My gratitude to you knows no bounds, Unk. My thanks will flow like 1,000 Potomacs, forevermore. My reverence for your wisdom will never be stilled. You, Harold, are a saint on earth.
Such a saint that with saints like you, who needs sinners? I ask you a simple question like, "Where in the world should I put my IRA money this year?", and what do I get? I get a clipping of a story from The Wall Street Journal, lovingly mailed to me by my everloving uncle up in everloving Pittsfield, Mass.
It's bad enough that you've forgotten where I work, Harold. It's bad enough that you ask me to follow the advice of a rival fishwrapper. But I wanted your advice, Unk, uncle-to-nephew advice, advice that every attache case on the southern end of Manhattan Island doesn't already contain. And you send me a 14-inch story on the future of high-risk mutual funds!
There was one consolation, Harold. At least you didn't send me more than I could read in one subway ride between Union Station and Farragut North.
If I'd called somebody in Washington and asked him the same question, I would have gotten the entire legislative history of IRAs, the entire political history of tax reform and a cover letter warning me that God would strike me dead if I didn't subscribe to John Hardball's Inside Capitol Hill Newsletter that very second.
But being a loyal nephew, Harold, I blundered through the clipping you sent. And not for the first time, or the last, I'm confused.
How can there be such a thing as a high-risk mutual fund? I thought the whole idea behind mutual funds was to spread out the risk to the point where risk basically ceases to exist.
And how can there be a high risk of any kind when you're only talking about $2,000?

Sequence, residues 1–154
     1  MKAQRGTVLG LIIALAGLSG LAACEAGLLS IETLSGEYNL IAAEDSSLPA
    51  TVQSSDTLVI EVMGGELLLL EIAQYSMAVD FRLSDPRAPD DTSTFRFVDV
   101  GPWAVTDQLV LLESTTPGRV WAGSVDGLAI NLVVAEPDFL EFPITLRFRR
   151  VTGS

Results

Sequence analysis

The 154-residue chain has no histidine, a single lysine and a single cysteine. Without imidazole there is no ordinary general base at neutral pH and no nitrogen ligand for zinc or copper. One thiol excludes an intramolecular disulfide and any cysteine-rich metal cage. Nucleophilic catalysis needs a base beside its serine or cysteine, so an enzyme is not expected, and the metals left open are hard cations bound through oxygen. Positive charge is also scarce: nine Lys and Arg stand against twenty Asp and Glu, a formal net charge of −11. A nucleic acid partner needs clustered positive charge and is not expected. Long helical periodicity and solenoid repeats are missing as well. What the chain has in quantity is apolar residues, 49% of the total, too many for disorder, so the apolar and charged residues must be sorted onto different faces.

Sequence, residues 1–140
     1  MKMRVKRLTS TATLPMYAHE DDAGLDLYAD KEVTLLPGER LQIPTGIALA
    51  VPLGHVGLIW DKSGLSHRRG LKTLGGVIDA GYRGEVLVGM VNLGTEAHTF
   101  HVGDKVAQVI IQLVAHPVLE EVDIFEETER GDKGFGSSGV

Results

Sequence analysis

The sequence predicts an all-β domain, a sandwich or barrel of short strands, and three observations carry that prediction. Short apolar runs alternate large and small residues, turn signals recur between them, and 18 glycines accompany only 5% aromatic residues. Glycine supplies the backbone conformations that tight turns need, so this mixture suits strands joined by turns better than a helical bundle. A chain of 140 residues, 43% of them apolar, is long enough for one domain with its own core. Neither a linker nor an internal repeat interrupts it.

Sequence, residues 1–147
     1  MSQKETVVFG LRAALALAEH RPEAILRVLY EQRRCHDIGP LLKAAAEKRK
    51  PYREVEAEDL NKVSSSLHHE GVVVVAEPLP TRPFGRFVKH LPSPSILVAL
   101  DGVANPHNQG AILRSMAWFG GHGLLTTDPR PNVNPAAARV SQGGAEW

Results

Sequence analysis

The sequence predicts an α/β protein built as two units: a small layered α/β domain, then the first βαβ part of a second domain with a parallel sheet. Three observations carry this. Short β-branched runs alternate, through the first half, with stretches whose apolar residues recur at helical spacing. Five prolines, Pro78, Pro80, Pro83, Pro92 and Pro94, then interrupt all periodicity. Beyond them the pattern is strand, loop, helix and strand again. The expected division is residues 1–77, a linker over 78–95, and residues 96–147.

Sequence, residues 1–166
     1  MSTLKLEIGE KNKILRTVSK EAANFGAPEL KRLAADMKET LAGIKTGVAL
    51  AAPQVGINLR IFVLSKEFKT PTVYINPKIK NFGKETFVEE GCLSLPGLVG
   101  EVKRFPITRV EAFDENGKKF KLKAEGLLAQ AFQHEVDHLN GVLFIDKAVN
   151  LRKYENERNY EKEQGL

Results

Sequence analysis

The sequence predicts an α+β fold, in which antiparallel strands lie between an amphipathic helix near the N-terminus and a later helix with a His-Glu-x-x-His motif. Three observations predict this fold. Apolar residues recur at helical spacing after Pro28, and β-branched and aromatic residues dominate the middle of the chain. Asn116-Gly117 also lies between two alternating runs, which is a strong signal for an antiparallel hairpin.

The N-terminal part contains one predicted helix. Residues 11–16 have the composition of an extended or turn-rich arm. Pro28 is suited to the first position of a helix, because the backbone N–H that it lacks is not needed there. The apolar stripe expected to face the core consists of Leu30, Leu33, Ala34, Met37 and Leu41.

Let's say your sainted mutual fund has a real bum year. Let's say the wheels really come off the cart. Let's say the fund makes only 9 percent instead of 12.
The way I figure it, that means I'll make $180 in interest instead of $240. That's a difference of $60. Harold, I once spent $60 to buy floor mats for my car. I once spent $60 to have the cat's fur combed and trimmed. I mean, $60 isn't nothing. But it isn't the Riggs National Bank, either.
I know what you're going to say, Harold. I can hear it as if I were standing in your kitchen, right under the golf trophy that always needs polishing. You're going to say, "All right, Robert, my impatient nephew. Maybe high-risk mutual funds aren't for you. Maybe you should take a look at something else."
So I did, Harold. I thumbed through last Tuesday's edition of a certain financial newspaper that a certain uncle of mine likes to clip and cite to his nephew. And here's what I found:
An ad for "Treasury-backed Ginnie Maes." I read that ad four times, Harold. I still don't understand what a Ginnie Mae is. I still don't understand what it wants to do with my money. And I still don't understand why it needs my money if it has the backing of the U.S. Treasury.
Then, an ad for "Aggressive Tax-Free OTC Portfolio." Well, you'll pardon my ignorance, old bean, but if it's tax-free, why does it have to be aggressive? And why invest IRA money in tax-free stocks when none of the proceeds will be touched -- or taxable -- until the next century?
Finally, something called an "Adjustable-Rate Preferred Portfolio."
I took one look at the word "adjustable," Harold, and I started getting the shakes. I think that word loosely translates as, "We'll adjust the rate when we feel like it, irrespective of what you say, irrespective of what you want and irrespective of what the economy is or isn't doing."
In other words, Harold, the same thing's wrong with this that's wrong with adjustable-rate mortgages. You can't count on it. Your nest egg won't get bigger at a rock-solid, count-on-it rate. In fact, the egg may shrink. So I ask you: Is this something around which a middle-aged typist should build his retirement?
Don't bother to reach for the phone, Unk. I can see you now, scratching your head in vexation. I can see you now, chucking your chin, deep in thought. And I can hear you saying, "All right, Robert, my know-it-all nephew. Since the best efforts of the Wall Street Journal aren't good enough for you, just what in the blue blazes are you going to do with your $2,000 this year?"
No, I'm not going to tuck it under the mattress. Nor am I going to invest it in offshore oil, Arabian ponies or a chain of drive-in taco parlors.
I'm going to stick it in the bank, Harold.
That's right. A plain-vanilla certificate of deposit. For a fixed term. At a fixed rate.
Maybe a guy named Harold wouldn't understand. Maybe the Wall Street Journal wouldn't understand. But your keep-it-simple relative named Robert will. And to my mind, Unk, that's half the battle.
Your Loving Nephew,